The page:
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Marine Ecology Progress Series

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MEPS 206:1-11 (2000)  -  doi:10.3354/meps206001

Seasonal distribution of DMSP among seston, dissolved matter and zooplankton along a transect in the Long Island Sound estuary*

Kam W. Tang**, Daniel R. Rogers, Hans G. Dam, Pieter T. Visscher

Department of Marine Sciences, University of Connecticut, 1084 Shennecossett Road, Groton, Connecticut 06340, USA
*This paper is dedicated to the memory of Maureen D. Keller **Present address: Danish Institute for Fisheries Research, Kavelergarden 6, Charlottenlund 2920, Denmark E-mail:

ABSTRACT: We studied the seasonal distribution of dimethylsulfoniopropionate (DMSP) among seston, dissolved matter and zooplankton along a transect in eastern Long Island Sound. The seston DMSP concentration (1 to 52 nM) was comparable to that reported for some estuaries. Most of the seston DMSP was derived from particles <10 µm. Seston DMSP concentration did not correlate with water temperature or salinity. Most of the seston DMSP appeared to have originated from phytoplankton. Both dissolved DMSP and dimethyl sulfide (DMS) concentrations remained low (<3 nM) and were highly correlated to each other (r = 0.83, p < 0.01). Assuming a steady state condition, the conversion efficiency from dissolved DMSP to DMS was estimated to be 76%. On the other hand, seston DMSP concentration did not correlate with dissolved DMSP, implying that the accumulation of seston DMSP and dissolved DMSP were uncoupled. Four types of copepods plus several other types of zooplankters contained DMSP. The copepod Temora longicornis contained 2.8 nmol DMSP per individual, the highest among the zooplankters. For most of the year, zooplankton were a negligible component of particulate DMSP in the water column. However, in months when T. longicornis appeared in high abundance, zooplankton represented 14 to 72% of the total particulate DMSP. Estimated copepod body DMSP concentrations were orders of magnitude higher than seston and dissolved DMSP concentrations; thus, copepod bodies represent a sparse, but highly concentrated source of particulate DMSP.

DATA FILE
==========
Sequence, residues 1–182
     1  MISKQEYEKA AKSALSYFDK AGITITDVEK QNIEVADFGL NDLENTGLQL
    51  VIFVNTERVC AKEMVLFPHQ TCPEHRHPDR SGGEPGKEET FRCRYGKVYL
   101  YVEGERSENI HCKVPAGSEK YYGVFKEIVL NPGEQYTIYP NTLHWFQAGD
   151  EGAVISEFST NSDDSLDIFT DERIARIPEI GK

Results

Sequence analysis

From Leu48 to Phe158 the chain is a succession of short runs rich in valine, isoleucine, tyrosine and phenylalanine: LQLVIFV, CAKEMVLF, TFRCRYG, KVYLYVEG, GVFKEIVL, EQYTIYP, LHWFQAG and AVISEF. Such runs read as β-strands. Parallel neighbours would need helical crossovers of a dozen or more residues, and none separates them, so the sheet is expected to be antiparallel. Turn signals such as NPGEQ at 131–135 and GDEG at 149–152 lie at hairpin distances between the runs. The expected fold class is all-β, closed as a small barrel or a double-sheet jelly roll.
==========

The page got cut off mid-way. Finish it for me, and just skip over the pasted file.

KEY WORDS: Dimethylsulfoniopropionate · Dimethyl sulfide · Copepods · Planktonic larvae · Cladocerans · Microzooplankton · Detritus

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